Original Research1 May 2018
Author, Article, and Disclosure Information


This article has been corrected. The original version (PDF) is appended to this article as a Supplement.


Many experts believe that hospitals with more frequent readmissions provide lower-quality care, but little is known about how the preventability of readmissions might change over the postdischarge time frame.


To determine whether readmissions within 7 days of discharge differ from those between 8 and 30 days after discharge with respect to preventability.


Prospective cohort study.


10 academic medical centers in the United States.


822 adults readmitted to a general medicine service.


For each readmission, 2 site-specific physician adjudicators used a structured survey instrument to determine whether it was preventable and measured other characteristics.


Overall, 36.2% of early readmissions versus 23.0% of late readmissions were preventable (median risk difference, 13.0 percentage points [interquartile range, 5.5 to 26.4 percentage points]). Hospitals were identified as better locations for preventing early readmissions (47.2% vs. 25.5%; median risk difference, 22.8 percentage points [interquartile range, 17.9 to 31.8 percentage points]), whereas outpatient clinics (15.2% vs. 6.6%; median risk difference, 10.0 percentage points [interquartile range, 4.6 to 12.2 percentage points]) and home (19.4% vs. 14.0%; median risk difference, 5.6 percentage points [interquartile range, −6.1 to 17.1 percentage points]) were better for preventing late readmissions.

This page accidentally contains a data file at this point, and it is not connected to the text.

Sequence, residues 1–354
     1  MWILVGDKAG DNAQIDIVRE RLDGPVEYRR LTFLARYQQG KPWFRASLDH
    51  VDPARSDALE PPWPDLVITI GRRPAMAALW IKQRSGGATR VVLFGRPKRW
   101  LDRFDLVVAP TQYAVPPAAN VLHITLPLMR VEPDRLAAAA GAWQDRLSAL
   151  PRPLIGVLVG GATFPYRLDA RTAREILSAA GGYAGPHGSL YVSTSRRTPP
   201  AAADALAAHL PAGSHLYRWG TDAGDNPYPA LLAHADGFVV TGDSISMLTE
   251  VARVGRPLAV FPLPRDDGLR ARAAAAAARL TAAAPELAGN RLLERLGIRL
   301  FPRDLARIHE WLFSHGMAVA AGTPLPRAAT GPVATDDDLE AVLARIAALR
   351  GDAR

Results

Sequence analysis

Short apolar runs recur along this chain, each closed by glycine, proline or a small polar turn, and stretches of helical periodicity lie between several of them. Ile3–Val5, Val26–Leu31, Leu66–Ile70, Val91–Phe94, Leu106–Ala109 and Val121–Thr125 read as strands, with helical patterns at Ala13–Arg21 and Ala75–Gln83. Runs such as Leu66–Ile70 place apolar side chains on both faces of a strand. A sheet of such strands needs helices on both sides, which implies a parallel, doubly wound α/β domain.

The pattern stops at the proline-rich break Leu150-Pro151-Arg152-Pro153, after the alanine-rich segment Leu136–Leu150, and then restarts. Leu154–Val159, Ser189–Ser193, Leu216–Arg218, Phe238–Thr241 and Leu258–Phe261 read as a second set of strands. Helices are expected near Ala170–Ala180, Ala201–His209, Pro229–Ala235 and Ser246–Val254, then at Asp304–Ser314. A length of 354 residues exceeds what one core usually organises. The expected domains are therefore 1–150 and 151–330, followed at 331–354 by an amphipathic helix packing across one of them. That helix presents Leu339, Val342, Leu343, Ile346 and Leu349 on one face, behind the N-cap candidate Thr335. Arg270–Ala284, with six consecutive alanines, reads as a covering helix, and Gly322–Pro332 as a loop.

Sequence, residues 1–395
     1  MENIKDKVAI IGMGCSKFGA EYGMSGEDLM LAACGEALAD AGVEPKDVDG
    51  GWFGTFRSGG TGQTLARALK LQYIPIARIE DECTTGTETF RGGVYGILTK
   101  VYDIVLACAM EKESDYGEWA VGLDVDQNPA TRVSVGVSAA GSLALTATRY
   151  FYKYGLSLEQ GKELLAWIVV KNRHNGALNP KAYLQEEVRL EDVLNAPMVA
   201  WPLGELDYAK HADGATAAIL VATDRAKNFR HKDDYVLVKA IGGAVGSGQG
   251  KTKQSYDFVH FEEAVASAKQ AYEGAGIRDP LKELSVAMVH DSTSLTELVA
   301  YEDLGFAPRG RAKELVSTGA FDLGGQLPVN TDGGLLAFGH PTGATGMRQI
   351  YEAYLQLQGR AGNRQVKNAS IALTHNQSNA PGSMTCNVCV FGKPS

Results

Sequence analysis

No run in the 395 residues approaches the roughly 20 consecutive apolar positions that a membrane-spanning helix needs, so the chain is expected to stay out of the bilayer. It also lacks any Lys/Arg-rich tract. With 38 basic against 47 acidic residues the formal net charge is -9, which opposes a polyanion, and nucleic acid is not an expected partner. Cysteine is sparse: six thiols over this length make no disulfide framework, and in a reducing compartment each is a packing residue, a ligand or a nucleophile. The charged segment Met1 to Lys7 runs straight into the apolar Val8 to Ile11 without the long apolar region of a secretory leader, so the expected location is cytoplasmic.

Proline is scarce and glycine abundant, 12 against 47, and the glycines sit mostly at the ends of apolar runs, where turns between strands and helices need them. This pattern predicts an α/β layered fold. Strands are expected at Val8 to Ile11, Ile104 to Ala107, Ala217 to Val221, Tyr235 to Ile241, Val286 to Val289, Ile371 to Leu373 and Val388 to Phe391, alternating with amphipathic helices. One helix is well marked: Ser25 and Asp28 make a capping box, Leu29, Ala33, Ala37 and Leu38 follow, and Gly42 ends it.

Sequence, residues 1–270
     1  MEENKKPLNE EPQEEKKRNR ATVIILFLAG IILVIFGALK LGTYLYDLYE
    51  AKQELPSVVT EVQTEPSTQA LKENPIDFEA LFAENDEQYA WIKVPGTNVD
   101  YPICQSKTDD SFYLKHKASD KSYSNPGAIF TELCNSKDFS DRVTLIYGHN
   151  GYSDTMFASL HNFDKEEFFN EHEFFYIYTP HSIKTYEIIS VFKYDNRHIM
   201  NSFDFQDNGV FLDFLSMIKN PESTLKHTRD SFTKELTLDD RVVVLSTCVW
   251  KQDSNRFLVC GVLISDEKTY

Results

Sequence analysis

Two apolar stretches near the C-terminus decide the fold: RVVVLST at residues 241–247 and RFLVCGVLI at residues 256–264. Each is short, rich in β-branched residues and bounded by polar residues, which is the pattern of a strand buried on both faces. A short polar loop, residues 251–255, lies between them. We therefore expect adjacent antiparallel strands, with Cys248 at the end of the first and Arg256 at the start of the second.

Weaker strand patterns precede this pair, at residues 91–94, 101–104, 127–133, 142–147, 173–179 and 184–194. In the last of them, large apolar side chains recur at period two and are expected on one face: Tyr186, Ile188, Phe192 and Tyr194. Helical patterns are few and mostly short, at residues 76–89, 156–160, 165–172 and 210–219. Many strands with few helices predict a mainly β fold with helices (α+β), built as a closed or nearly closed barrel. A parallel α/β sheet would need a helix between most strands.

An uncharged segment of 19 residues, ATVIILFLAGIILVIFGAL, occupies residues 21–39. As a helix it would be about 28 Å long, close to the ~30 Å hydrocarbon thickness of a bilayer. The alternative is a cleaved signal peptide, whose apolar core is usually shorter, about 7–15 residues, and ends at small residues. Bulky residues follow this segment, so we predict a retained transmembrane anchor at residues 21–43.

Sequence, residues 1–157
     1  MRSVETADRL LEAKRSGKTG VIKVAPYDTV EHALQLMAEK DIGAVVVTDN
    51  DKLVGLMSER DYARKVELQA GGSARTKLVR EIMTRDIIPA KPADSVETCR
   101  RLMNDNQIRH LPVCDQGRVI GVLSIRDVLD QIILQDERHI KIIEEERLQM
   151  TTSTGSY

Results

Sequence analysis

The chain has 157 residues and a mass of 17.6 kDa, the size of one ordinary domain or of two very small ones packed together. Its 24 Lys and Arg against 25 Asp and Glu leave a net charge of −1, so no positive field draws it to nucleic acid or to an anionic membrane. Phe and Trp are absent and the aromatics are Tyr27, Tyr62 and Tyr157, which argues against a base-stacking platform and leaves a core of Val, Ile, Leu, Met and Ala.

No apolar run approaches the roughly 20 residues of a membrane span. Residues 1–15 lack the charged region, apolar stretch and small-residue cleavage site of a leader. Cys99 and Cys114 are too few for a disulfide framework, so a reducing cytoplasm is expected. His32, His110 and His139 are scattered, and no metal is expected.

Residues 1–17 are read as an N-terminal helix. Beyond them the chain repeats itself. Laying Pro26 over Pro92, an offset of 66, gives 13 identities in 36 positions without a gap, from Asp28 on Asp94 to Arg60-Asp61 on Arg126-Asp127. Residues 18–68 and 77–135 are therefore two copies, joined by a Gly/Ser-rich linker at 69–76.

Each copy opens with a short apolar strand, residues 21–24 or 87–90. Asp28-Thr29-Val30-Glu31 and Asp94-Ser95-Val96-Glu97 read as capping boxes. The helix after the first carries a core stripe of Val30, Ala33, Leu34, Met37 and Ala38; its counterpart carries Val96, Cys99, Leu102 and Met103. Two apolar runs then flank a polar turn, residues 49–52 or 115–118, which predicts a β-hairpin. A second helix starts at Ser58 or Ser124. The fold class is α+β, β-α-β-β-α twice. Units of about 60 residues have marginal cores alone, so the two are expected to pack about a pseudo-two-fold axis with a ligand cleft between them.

Physician adjudicators were not blinded to readmission timing, community hospitals were not included in the study, and readmissions to nonstudy hospitals were not included in the results.


Early readmissions were more likely to be preventable and amenable to hospital-based interventions. Late readmissions were less likely to be preventable and were more amenable to ambulatory and home-based interventions.

Primary Funding Source:

Association of American Medical Colleges.


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